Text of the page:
Cassandra Higgins lives in a house overflowing with love and life…sometimes even more than she can handle. With a husband, four boys and a home daycare business, Cassandra has her hands full. But hovering beneath the surface of her “perfect” world, there are broken dreams and disappointments, and the residue of years of disapproval by her mother, “Bad Betty,” who has issues of her own. Cassandra’s one indulgence is a collection of animal figurines and an annual outing to the Collector’s Convention with her best friend, Margret. But this year, Margret can’t go, leaving Cassandra to attend alone.
Cassandra purchases a snowglobe displaying a young girl and three dogs, a scene that brings forth painful memories. Holding this object, she reaches out to God with a heartrending prayer, asking His forgiveness and help with overcoming her failings and disappointments. But there is more to this snowglobe than meets the eye. In what she refers to as a “flurrious moment,” the snow inside swirls like a blinding blizzard, obliterating the scene within. When the swirling stops, the snowglobe is empty.
STRAY AFFECTIONS is written from the perspective of several characters, all of whom are struggling with very believable challenges. Each brings his or her own voice, baggage and personality into a charming story that brims with second chances, renewed faith and forgiveness.
Cassandra was a little girl when her daddy committed suicide, leaving her in the care of her stressed and grieving mother. The only happiness in her life sprang from Grandpa Wonky and a stray dog she named Toby. The dog became Cassandra’s whole world, especially after Grandpa Wonky died. But money was tight for the widowed “Bad Betty,” and she took Toby to a shelter, promising Cassandra that a nice family would adopt him. Later they discover the dog had been euthanized. Cassandra’s initial pain and guilt over giving Toby away was tripled by the news of his death. A short time later, circumstances led her to believe she was responsible for the death of her best friend’s dog as well. To make matters worse, her mother’s stern looks and constant disapproval left her questioning her self worth.
As she grew older, Cassandra’s dream of becoming a veterinarian propelled her through years of sadness and low self-esteem, but when her babies came along, she knew that dream had faded into oblivion. Love for her husband and children blanketed the dark corners of her heart, until the scene in the snowglobe brought those feelings rushing back. She realized only God could help her now.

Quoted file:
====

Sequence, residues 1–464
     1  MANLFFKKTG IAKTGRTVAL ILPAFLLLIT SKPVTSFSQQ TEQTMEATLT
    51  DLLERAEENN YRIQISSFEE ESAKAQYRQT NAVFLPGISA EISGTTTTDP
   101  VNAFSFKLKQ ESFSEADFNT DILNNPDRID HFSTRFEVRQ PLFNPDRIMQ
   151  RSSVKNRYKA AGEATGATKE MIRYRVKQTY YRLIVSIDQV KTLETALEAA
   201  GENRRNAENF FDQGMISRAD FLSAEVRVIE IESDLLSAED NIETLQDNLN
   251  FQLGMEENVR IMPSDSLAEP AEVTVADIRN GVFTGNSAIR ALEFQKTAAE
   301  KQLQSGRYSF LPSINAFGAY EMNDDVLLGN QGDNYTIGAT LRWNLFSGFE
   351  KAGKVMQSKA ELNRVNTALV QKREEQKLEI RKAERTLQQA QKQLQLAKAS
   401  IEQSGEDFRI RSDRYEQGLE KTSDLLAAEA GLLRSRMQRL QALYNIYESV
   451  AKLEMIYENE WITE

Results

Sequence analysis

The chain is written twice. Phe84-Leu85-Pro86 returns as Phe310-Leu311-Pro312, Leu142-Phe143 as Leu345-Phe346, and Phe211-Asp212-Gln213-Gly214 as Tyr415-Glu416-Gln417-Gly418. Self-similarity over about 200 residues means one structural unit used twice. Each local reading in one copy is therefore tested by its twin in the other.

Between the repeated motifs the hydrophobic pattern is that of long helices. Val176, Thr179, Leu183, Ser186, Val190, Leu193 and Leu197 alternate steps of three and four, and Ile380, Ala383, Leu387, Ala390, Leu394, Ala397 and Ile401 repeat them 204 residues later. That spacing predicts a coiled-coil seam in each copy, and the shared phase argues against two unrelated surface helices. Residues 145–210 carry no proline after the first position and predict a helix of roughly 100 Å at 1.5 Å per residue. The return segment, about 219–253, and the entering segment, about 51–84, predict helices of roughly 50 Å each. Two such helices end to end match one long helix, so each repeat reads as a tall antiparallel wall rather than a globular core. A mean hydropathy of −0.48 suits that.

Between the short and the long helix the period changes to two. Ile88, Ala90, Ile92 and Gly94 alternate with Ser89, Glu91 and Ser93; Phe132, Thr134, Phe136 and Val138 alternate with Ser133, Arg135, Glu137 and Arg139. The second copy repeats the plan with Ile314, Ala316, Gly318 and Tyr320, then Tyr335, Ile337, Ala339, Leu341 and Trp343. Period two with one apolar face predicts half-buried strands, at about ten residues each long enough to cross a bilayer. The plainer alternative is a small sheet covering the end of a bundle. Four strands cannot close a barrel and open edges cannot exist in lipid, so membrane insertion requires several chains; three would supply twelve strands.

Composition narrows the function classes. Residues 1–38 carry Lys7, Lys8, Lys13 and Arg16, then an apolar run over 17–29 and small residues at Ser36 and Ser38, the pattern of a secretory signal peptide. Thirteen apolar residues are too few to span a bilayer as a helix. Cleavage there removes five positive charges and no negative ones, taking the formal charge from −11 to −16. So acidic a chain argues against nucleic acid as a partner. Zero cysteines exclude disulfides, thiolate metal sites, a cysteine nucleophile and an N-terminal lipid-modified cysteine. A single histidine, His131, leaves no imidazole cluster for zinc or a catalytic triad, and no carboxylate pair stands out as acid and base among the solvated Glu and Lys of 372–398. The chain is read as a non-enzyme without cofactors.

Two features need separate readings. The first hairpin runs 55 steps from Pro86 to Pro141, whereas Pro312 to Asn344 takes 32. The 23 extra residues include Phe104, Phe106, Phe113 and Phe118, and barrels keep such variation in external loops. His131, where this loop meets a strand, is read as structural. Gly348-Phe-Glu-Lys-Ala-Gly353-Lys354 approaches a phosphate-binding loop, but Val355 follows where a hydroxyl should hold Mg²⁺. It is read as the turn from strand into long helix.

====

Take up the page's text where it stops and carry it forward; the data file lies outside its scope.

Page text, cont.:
Best friend Margret knows Cassandra’s heart better than anyone. Together they experienced the joys and trials of growing up and getting married. But Cassandra had something Margret ached for and couldn’t have: children. As Cassandra contemplates the mystery of her snowglobe, Margret receives another discouraging phone call from her doctor. Uninterested in adoption, she decides to appreciate all the wonderful people and circumstances in her life and stop dwelling on what she cannot have.
Meanwhile, the winds of change are blowing around Cassandra’s mother. She doesn’t really want to be “Bad Betty,” but struggles with changing the mindset and personality that produced that nickname. It’s been 25 years since Betty’s husband committed suicide, an act that left her angry at God, reeling with guilt and struggling to support her three children. But a comment from her daughter and the affections of the local butcher have her searching her heart. Is God really a God of second chances?
Ken dearly loves his wife Cassandra, though her behavior since the Collector’s Convention has him concerned. The story about the disappearing scene in the snowglobe sounds crazy. Through the years, she has filled their house with collectible animal figurines, deeming herself unworthy to ever have another real pet. Could a puppy for Christmas heal her heart? When Ken embarks on a quest for a dog, he finds himself heading down an unexpected path.
Dearest Dorothy author Charlene Ann Baumbich has produced a delightful story with likable characters. My one disappointment was that Margret and her husband, both aching to be parents, were completely uninterested in adoption. Some readers, like me, may see this as a character flaw that makes them less likable. That said, it was still an enjoyable read with a variety of interesting subplots, believable dialogue and happy endings.
Reviewed by Susan Miura on September 15, 2009